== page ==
Several months ago, I started an official review my company's, Post.Bid.Ship., Inc., software development processes. We utilize extremely advanced processes to develop technology designed to help automate the $700 billion commercial shipping industry. The reason for the official review was that our development team was not able to explain nor resolve why bugs in our application previously resolved were reappearing just a few weeks later.
The programmers on our team have been on our development project for 3 years and one of the programmers has worked with me for almost 8 years on other large technology projects. Each programmer works directly for an contracting firm where I consider the founder and CEO a friend of mine. So to say I am loyal to the firm would be an understatement; they rock!
Given my loyalty and satisfaction with the firm and their programmers, you can imagine my disappointment when bugs previously put to rest were reappearing. Most of the bugs were small in nature and did not cause our users much grief but bugs re-appearing can be problematic. This problem reminded me of the George Patton quote "I hate to pay for the same real estate twice." Paying programmers to remove the same bug twice increases our budget, extends our development timeline, irritates users and delays new features.
At first, we tried to resolve the problem by changing some minor processes, implementing additional tools to help us better manage source code plus implemented additional education regarding best practices for source code management. Yet, after several weeks of working to resolve the problem and a complete overhaul of our source code management system, bugs were still re-appearing. Argh!
Before a meeting with our developers yet again to discuss the reappearing bugs issue, a situation with my daughter came to mind. The day before, my daughter was standing over one of her toys crying. Upon observation, I saw the toy was broken. When I asked her if she broke it, she instantly said 'no'. Why did she 'instantly' say 'no' when all evidence pointed that she was guilty? The answer: my daughter is biased with regards to punishment - she avoids it. Upon this realization, I shared with her that if she voluntarily tells me or her mother when an accident happens, there will be no punishment. She began to think and after just a few seconds, she confessed to breaking the toy.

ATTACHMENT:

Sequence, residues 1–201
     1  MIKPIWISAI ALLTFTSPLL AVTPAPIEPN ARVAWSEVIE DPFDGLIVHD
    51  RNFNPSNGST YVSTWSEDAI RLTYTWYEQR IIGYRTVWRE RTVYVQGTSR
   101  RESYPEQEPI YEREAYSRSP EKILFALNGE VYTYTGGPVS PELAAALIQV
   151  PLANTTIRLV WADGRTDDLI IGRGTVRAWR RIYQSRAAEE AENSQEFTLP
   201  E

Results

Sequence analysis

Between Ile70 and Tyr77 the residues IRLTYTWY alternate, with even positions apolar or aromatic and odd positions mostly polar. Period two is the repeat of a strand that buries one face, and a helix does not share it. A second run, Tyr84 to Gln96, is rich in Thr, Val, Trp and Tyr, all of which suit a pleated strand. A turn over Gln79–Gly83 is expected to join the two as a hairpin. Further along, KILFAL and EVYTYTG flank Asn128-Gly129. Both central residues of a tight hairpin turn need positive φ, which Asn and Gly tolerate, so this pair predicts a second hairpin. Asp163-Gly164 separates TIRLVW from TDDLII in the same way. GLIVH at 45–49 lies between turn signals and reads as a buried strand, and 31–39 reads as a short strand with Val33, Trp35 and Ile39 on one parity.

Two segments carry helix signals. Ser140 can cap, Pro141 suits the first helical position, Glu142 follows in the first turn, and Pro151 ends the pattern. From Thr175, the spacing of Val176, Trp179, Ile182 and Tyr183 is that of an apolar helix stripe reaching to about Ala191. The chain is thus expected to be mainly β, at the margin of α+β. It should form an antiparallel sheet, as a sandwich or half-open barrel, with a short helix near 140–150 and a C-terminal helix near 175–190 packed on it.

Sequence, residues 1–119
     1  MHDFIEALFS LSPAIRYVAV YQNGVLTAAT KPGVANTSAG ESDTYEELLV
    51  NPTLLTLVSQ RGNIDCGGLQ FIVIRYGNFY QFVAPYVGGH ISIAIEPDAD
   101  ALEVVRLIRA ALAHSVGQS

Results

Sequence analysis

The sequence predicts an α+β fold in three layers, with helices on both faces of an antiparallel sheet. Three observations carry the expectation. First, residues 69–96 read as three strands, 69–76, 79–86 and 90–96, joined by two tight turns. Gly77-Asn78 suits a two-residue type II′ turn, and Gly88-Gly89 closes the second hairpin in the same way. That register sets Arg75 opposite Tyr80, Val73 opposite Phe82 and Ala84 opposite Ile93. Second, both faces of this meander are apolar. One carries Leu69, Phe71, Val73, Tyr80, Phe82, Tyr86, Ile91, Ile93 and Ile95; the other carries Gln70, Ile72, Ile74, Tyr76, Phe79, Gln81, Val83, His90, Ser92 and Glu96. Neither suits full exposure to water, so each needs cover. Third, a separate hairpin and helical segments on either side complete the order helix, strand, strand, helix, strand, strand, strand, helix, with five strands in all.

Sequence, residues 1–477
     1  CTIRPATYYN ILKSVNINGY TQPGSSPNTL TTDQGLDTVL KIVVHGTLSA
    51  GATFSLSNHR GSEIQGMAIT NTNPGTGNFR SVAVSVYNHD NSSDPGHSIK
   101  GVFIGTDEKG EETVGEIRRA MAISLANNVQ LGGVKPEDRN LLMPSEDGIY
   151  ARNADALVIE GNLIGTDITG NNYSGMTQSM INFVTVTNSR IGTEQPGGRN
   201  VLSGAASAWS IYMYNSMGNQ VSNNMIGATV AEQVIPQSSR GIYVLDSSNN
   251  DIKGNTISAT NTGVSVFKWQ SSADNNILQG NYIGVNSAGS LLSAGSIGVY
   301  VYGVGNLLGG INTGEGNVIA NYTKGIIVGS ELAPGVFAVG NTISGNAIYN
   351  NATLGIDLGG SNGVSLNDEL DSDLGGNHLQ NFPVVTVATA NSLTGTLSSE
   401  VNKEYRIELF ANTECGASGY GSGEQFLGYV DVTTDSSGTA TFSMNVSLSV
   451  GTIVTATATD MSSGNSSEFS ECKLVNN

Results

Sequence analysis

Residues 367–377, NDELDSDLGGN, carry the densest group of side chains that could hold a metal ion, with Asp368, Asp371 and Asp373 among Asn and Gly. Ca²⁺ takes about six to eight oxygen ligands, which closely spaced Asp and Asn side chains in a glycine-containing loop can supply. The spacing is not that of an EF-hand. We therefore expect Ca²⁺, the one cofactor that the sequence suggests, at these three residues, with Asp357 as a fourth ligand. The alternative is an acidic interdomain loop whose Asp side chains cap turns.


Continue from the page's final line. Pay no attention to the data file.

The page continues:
So I decided to use this experiment on my development team to see if this honesty and no punishment approach would work. I asked "When we discuss how these bugs keep re-appearing, please know that I am after only the truth and a resolution. My goal is not to punish anyone." The programmers responded that they were really not aware of why the bugs were reappearing. I felt their sincerity plus replacing our entire development team was not a viable option. So Matt Kennedy, one of our top project managers at Post.Bid.Ship., and I proceeded to see if there was something systematic and outside of our development team we should review as a possible resolution to the issue.
To learn what Matt and I discovered, be sure to come back next month where we will post how we resolved the problem. To be among the first to know, sign-up for my newsletter and you'll know instantly when new articles are submitted here at MickyThompson.com. Till then, be sure to share with me what you think the solution to this problem could be. Hint: the title of the article provides a clue. To be continued...
This is part 1 of my article titled 'Got 'Bias' in Your Organization? Outsiders Welcome!' To continue on to Part 2, click here.